So, what was Hypertime? Simple in concept but deviously difficult to explain, perhaps the best analogy for internerds everywhere is a CVS tree of events. The DC Universe has a storytelling trunk, with multiple branches/elseworlds/alternate earths shooting off. Sometimes those alternate earths link back in to the main branch – so continuity issues can be perceived as simply two parallel Hypertimelines that eventually merged back together. In relation to The Invisibles, Hypertime is the fifth dimension, the area people travel through when they can see all of time at once — what Morrison calls the caterpillar effect: if we could see our entire bodies, through time, we would look like an enormous centipede from birth to death that continues on from our mothers. It’s certainly a heady concept, but a powerful one when it comes to visualizing the parallel-universe model that DC built on, denied, and is now building on again for so long.

the-kingdom-02-large-40.jpgThe last major story we got featuring Hypertime and revealing an aspect of it was Mark Waid’s largely misunderstood The Kingdom series. It was basically a huge battle in Hypertime, and at the end DC’s Big Three were feasted with the sight of the the fullness and extent of Hypertime, and what it makes possible. On the final page, the Superman of Earth-2, unseen since Crisis on Infinite Earths and not seen again until Infinite Crisis, remarks that “deserved heaven, not prison” – but now he knows a way out.

scan0032.jpgWhat was that way out? Well, according to Infinite Crisis, it was what Grant Morrison himself called “superhero poetry” – he slammed his fist into the dimensional barrier until he got to Earth. Of course, as voracious DCU readers since 2005 well know, that’s not the only reality-altering bare-knuckle fisticuffs that occurred in the “spacetime nexus” where Superman-2, Lois-2, Luthor-3 and Superboy-Prime spent what were, to us, twenty years.

scan0017.jpgNo, there’s still the matter of the highly fan-polarizing, overused gimmick of Superboy-Prime punching that ‘reality wall’ until events changed. More “superhero poetry.” The vast majority of DC’s continuity hiccups between 1986 and 2006 were explained as a result of his tantrums — that, by hitting this crystal wall, he was just… changing events, with no clear explanation and much to the confusion of even Alexander Luthor, Kirbytech scientist supreme.

The only reasonable framework presented in the DC Universe thus far where reality could be “realigned” and measured discretely in events is Hypertime. Given the method by which reality was changed – the “poetry” of a very powerful Kryptonian just hitting something – and the fact that what was essentially done was reconfiguring which alternate timelines were in the “trunk” of the story, it – and I admit I’m venturing into speculation here – seems very possible that manipulating and “breaking” Hypertime was what he was doing. That the pointless, out-of-left-field retcon device we got in 2005 wasn’t as pointless or as out-of-left-field as it seemed — these plans were clearly already in place, for Battle for Bludhaven had already begun production and Captain Atom: Armageddon was in the middle of being published, which was the beginning of the whole Monarch story that’s taken us to Countdown and probably beyond. Hypertime wasn’t gone, but has been the driving engine of these events all along.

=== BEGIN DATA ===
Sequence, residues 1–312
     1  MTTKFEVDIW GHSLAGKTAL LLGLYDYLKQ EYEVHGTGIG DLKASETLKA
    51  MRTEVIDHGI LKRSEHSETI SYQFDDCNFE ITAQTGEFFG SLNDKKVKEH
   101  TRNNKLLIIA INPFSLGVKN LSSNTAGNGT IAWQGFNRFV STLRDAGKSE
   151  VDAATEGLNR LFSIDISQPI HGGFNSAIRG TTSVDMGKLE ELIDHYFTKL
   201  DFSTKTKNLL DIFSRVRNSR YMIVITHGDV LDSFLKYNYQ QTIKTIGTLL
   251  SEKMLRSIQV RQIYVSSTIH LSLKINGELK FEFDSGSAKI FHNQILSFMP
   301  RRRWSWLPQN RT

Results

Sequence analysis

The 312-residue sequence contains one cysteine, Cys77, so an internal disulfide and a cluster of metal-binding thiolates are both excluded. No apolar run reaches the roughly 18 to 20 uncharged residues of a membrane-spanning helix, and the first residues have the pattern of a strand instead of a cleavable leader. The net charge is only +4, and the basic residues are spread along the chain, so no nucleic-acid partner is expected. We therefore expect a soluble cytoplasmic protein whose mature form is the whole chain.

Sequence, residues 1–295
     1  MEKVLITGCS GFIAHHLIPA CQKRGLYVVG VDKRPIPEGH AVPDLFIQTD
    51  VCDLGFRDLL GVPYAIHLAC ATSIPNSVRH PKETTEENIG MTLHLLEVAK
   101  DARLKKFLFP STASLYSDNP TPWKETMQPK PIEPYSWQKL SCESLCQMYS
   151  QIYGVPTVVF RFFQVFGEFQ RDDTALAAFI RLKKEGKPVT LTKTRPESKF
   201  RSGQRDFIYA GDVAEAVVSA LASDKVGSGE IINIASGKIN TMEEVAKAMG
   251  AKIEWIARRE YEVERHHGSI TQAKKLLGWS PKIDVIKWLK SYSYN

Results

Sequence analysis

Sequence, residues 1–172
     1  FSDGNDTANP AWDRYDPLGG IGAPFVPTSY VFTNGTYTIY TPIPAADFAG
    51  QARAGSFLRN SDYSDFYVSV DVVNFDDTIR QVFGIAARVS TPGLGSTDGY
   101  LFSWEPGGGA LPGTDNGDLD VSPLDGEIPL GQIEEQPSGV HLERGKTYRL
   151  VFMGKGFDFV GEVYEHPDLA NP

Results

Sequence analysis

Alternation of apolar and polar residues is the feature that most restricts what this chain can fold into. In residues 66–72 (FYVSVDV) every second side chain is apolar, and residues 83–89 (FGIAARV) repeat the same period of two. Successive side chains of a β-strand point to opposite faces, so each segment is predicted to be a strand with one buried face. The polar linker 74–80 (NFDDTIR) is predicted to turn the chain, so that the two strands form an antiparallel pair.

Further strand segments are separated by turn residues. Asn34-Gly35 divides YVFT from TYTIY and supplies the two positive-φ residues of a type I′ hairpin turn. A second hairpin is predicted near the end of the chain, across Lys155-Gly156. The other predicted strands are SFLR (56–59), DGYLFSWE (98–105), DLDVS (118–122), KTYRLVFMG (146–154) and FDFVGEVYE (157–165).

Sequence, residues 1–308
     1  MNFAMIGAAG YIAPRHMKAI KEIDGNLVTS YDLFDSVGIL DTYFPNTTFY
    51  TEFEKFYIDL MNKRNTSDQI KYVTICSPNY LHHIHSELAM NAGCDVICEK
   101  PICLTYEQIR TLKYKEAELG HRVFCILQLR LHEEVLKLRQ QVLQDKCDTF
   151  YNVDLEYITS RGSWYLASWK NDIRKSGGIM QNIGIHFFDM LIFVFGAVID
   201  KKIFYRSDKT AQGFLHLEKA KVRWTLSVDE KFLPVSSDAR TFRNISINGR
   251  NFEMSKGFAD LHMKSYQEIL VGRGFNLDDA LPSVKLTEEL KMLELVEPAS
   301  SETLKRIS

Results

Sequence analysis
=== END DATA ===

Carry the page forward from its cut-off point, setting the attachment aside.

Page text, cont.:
At the end of the day, it simply doesn’t make sense for Morrison to discard this concept after the considerable amount of work placed into its construction. It really doesn’t make sense for him to come up with a story that, in ways, echoes the grand Crisis he had planned a mere few years ago, but not take advantage of the model upon which it was built. For the DC Universe to evolve, like the Earth of the Invisibles, into the “All-Now”, it needs an All-Now to evolve into. It also gives him the chance to tie DC’s multiverse in with Warren Ellis’s “Bleed” idea from WildStorm, the specificities of which we haven’t yet seen.

This still opens up, and leaves, a lot of questions, none of which have definite answers just yet. Why is the vibrational multiverse back? Why are the Source Walls separating the universes? Is each Earth of the 52 just an “access point” to a different Hypertimeline? Was the Source Wall a machine built by the Old Gods to traverse Hypertime? I have no idea, but with this concept in play, suddenly the upheaval and time manipulation that’s been the focus of the past few years makes considerably more sense, or at least it’s possible that there’s some kind of logic and framework behind it, as well as a way to make to end.